This would be too risky of a proposition to implement. That's why only Albania, Belgium, Bulgaria, Canada, Croatia, Czech Republic, Denmark, Estonia, France, Germany, Greece, Hungary, Iceland, Italy, Latvia, Lithuania, Luxembourg, Netherlands, Norway, Poland, Portugal, Romania, Slovakia, Slovenia, Span and the United Kingdom allow gays to serve openly in their military. Supposedly there was "markedly no difference" according to a UK report after gays were allowed to serve, and though every other country has reported similar results, our anecdotal evidence most definitely outweighs that. I mean, look at Israel where they not only let gays serve, but give them domestic partner benefits! They essentially have no military whatsoever!

Mr. Miller, people like you and me need to stand strongly together in this cultural battle. That is, if you don't find out I'm gay.

-Ryan Gavin

(Report Comment)
art white December 16, 2010 | 12:55 p.m.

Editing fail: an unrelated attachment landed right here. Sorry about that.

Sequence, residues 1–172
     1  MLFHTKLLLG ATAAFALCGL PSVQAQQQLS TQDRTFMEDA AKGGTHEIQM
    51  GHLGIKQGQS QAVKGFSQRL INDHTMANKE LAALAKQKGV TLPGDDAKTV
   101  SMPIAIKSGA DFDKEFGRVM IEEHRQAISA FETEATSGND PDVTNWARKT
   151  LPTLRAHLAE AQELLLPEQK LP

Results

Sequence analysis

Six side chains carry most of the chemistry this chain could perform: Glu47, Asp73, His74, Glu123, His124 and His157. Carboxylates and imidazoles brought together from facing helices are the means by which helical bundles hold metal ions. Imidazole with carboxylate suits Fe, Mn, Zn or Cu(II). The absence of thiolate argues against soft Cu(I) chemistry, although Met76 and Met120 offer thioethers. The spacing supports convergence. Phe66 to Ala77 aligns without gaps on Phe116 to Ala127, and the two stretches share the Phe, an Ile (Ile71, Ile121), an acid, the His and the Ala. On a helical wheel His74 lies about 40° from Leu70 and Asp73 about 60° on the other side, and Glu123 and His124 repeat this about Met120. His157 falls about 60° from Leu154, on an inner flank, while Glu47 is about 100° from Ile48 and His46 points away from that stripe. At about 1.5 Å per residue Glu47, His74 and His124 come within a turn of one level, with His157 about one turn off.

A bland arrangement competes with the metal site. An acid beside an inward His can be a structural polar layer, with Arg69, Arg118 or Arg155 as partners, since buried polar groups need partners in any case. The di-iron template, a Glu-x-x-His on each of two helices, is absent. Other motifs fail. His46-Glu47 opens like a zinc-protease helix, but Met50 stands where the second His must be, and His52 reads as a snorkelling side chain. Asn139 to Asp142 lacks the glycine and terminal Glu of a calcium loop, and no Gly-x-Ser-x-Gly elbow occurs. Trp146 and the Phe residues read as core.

As a retired military member with 25 years of active duty service, I am now coming out to announce that I am a "closet heterosexual". In all those 25 years, the thought never crossed my mind to openly announce this. So, I guess the question is why do gays feel the need to announce that they are gay? One thing I have not seen mentioned or discussed is the potential lawsuits waiting in the wings. All supervisors have to write regular Performance Reports on their underlings. At some point, a gay, who has been "passed over for promotion" or not been performing up to standards and receives a bad Report, will allege that he has at some time heard that supervisor make a derogatory comment about gays and file suit. Lawyers will love it when a gay receives a less that satisfactory Performance Report from a supervisor.Immediately, that supervisor will have to hire a lawyer, the military service lawyers will have to defend the case, and eventually a jury decision will award a huge sum of TAXPAYER dollars to the person who filed the suit. To me, their being openly gay is all about sex, and nothing more. It is, in my opinion, all about them wanting special rights and NOT "equal rights" which they already have.